A Fire in My Belly, Julia Stoschek Foundation, Berlin
Billionaire heiress Julia Stoschek collects art (primarily in video form), has digitised much of her collection, and also presents it in spectacular settings in Berlin and Düsseldorf – a bizarre commingling of the art collector’s ego and unusual generosity. A Fire in My Belly offered an opportunity to watch movies for half a day without ever finishing. Works by Barbara Hammer, Peggy Ahwesh, Bernadette Corporation, and P. Staff were some of the very best among all the really good exhibits there (incidentally, Anne Imhof’s was the most boring). It felt simple and special to have all these costly spaces darkened into anonymous cinemas – to immerse myself in images and just be spoon-fed the richly variegated language that video can be when it catches our eyes and captivates our minds.
Tora Schultz, Stand Hard, Bizarro, Copenhagen
Everything in Tora Schultz’s exhibition merged to form a dense ball of something hardcore and funny and right: the ambivalence of the title, the cock-columnar pillars of power, childishness as the well-known side effect of demonstrative masculinity. Linoleum looks like the authorities’ abodes and columns are authoritarian, but the colours had more of a day-care vibe. And then there was Pinocchio, the ultimate play motif, as a rather brutal strap-on to alternately hone and puncture the exhibition’s balancing of the massive and the fragile. Stand Hard demonstrated that a small space can be a perfectly precise statement burnished to complete clarity and still look like hints and allusions.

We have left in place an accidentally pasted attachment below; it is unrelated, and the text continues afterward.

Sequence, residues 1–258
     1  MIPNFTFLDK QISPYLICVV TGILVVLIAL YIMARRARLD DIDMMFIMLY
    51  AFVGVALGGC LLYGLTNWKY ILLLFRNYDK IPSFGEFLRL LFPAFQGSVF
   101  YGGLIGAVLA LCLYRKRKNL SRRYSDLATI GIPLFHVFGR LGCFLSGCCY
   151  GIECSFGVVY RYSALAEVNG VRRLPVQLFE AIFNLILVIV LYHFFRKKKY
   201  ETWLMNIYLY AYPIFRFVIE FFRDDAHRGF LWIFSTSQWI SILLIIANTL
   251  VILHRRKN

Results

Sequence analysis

Aske Olsen, How to Disappear Completely, Arcway Nightlands Connector Jennifee-See Alternate, Copenhagen
Two nights in a row, Aske Olsen performed his “comedy about fame and surveillance” in a packed basement filled with more or less the kind of people the play was about. The text was placed in the hands of three actors who read from the script, acting poorly and well in effortless oscillation, and their lines repeatedly found themselves poised in some un-caricatured place between fun and truth. The atmosphere and the performance were sloppy in the way that pampered snowflakes with a penchant for art and anxiety can be. Theatrical content stuck to the graffiti-decorated walls (and to the audience’s self-conscious 2021 outfits) and became the kind of fiction that makes reality clearer without simplifying it.
– Nanna Friis is an art historian and a regular contributor to Kunstkritikk.
For this year’s contributions to the Advent Calendar, see here.